Goal Setting: Top-Down, Bottom-Up, or a Mixture of both?
Goal setting can take many forms, they can be set top-down, bottom-up, or middle-out. Confusing right? To help ease the confusion, we explain what each method includes, and we asked the experts which method they prefer and why.
First, let's clarify what we mean by top-down and bottom-up goals.
Top-down goals - As the name suggests, top-down strategy comes from the top. What this means is that a company's C-level executives or management staff create goals for the company, communicating these down the chain of command and into each business unit to facilitate planning to reach these goals.
Bottom-up goals - In goal-setting, the parent objective can be created by the top-level management, but the team creates the Key Results, i.e. the pathway to reach these goals. This method gives each employee a voice, creating plans based on more informed decisions, creates team morale, and more room for creativity.
Now for the expert advice...
Cansel Sörgens, OKR Coach & Trainer
Developing and deploying strategy requires collaboration and conversation at all levels. While leadership decides what the future should look like, the teams figure out how to create that future. Teams can not be expected to define short-term goals (OKR) if there is no clear strategy and focus (North Star Metric). It is a game played at both levels and managing the flow between these levels is the key to success.
Allan Kelly, OKR Coach
Well, if you claim to be agile then top-down isn’t an option - how can a team be autonomous and self-organising if they have OKRs imposed on them? Even if you don’t claim to be agile top-down OKRs aren’t really that much different from MBOs so why not be honest and call them that?
Now that is not to say that other people - who you might consider “above you” - don’t have a role to play. The leadership of the organisation set the parameters within which teams operate. The leadership has a role to play as guardians of the purpose, deciding missions, allocating resources, and promoting strategy. Then they say to the teams “How can you help?” and the teams reply with OKRs.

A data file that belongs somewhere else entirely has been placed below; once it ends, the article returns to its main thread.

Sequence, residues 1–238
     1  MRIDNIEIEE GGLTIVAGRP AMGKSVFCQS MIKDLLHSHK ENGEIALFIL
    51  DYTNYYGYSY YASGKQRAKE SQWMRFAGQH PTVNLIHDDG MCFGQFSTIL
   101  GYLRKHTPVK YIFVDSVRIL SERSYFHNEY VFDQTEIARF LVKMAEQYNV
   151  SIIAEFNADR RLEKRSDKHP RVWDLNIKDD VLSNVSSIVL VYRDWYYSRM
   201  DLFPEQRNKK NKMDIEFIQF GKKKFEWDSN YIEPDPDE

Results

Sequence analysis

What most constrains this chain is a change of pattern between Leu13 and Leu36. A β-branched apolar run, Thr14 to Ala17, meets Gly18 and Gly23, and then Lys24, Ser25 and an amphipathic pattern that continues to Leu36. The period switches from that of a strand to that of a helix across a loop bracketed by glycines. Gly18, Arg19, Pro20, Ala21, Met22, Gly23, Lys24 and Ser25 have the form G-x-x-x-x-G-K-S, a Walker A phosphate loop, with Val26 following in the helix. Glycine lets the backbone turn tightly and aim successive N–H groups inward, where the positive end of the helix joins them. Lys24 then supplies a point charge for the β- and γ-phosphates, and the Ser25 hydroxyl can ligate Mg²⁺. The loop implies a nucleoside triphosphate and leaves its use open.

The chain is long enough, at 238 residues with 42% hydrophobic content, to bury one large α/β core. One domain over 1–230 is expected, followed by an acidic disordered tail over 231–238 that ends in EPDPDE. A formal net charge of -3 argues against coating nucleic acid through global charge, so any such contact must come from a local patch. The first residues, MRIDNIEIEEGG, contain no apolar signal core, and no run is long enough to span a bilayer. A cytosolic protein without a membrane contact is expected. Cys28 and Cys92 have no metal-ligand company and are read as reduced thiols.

Those leaders aren’t the only stakeholders and they lack the on-the-ground knowledge of customers, suppliers, and competitors. So it is up to every team to set OKRs which reflect those competing needs.
The leadership and central planning cannot set OKRs because they lack the detailed knowledge - and to do so would disempower the team. But equally, the teams lack information and are frequently too disparate to set larger missions and allocate resources for the whole organisation.
Christina Lange, OKR Coach & Speaker
As every organisation needs to find its own OKR way, I recommend starting in the middle with 50% top-down and 50% bottom-up. Make it transparent, why we need both to leverage the potential of OKRs. It needs to level out over time and depending on the strategy it can vary from cycle to cycle.
Nikhil Maini, Global OKR Coach, OKR International
OKRs work best when there are all 3 - Top-Down, Bottom-Up, and Sideways. This is especially true of enterprise-wide implementations. Top-down OKRs tend to be more directional, strategic, and usually at organisational levels. Bottom-up and cross-alignment become more pertinent for functions, units, or teams trying to make the organisational goals happen.
When single functions or teams decide to work on OKRs, the scenario may be different. Here it's the same logic but at a smaller scale.